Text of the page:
Swedish Space Corporation
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|Founded||Solna, Sweden (1972)|
|Stefan Gardefjord, CEO|
Number of employees
|636 as of 2011|
Swedish Space Corporation (SSC) is a comprehensive space company that has 40 years of experience in helping space organizations, companies and research organizations with access to space.
SSC provides specialized competence in space subsystems, space and satellite operations, rocket and balloon systems including experiment equipment, launch services, aerospace engineering services as well as airborne maritime surveillance systems. Through its wholly owned subsidiaries ECAPS and NanoSpace, SSC is also engaged in the development of environmentally friendly propulsion systems and micromechanical systems for space applications.
From its facility Esrange Space Center in Northern Sweden, SSC launches sounding rockets and high-altitude balloons for research in the areas of microgravity, astrophysics, astronomy and atmospheric studies. One notable program during the late 1980s/early 1990s was a joint project with the Society of Japanese Aerospace Companies using SSC's MASER rocket to lift aloft various experiments requiring microgravity environments, at a low cost. This was during a period when U.S. Space Shuttle flights along with associated planned experiments were still being disrupted by the aftermath of the Challenger disaster.
At Esrange SSC operates one of the world’s busiest civilian satellite ground stations, communicating with both telecom and scientific satellites. SSC’s facility Stockholm Teleport provides satellite communication services, and the wholly owned German company LSE is specialised in satellite control and ground station services. SSC runs a global ground station network, PrioraNet, in which its US subsidiary Universal Space Network plays a big part.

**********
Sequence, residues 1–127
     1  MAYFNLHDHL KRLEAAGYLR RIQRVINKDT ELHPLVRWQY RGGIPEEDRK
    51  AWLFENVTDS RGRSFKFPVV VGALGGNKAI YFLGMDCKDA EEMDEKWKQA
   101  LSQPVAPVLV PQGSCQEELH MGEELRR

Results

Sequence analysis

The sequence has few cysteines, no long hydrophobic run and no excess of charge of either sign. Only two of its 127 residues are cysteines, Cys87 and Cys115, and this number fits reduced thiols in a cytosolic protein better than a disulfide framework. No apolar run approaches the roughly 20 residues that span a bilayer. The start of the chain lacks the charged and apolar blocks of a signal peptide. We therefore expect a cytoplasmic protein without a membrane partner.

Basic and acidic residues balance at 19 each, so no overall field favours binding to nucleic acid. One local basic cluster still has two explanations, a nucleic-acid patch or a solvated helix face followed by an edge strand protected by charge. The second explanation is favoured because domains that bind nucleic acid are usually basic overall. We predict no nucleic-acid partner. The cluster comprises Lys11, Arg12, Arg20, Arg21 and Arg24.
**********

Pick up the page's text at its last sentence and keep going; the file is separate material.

SSC also designs, develops and installs maritime surveillance systems which are used by coast guard authorities around the world.
July 1, 2011 SSC sold its satellite division to the German space company OHB which then formed a Swedish subsidiary named OHB-Sweden.
2013 Program Audit
In February 2013, a government audit was released by the Swedish National Audit Office which concluded that "Swedish space investment is distributed among multiple organizations that operate as stovepipes with no real communication between them and no common ambition." While approximately 1 billion SEK (158 million USD) is spent each year on Swedish space initiatives, the audit report calls for additional "government oversight of the European Space Agency (ESA) and a review of the Swedish Space Corporation's structure and mission."
Scientific satellites developed
- Prisma satellites - launched June 15, 2010
- SMART-1 - launched September 27, 2003
- Odin - launched February 20, 2001
- Astrid 2 - launched December 10, 1998
- Astrid 1 - launched January 24, 1995
- Freja - launched October 6, 1992
- Viking - launched February 22, 1986
Telecom satellites project management
- "Report Calls for Sweeping Rethink of Swedish Space Spending". Space News. 2013-02-14. Retrieved 2013-03-22.
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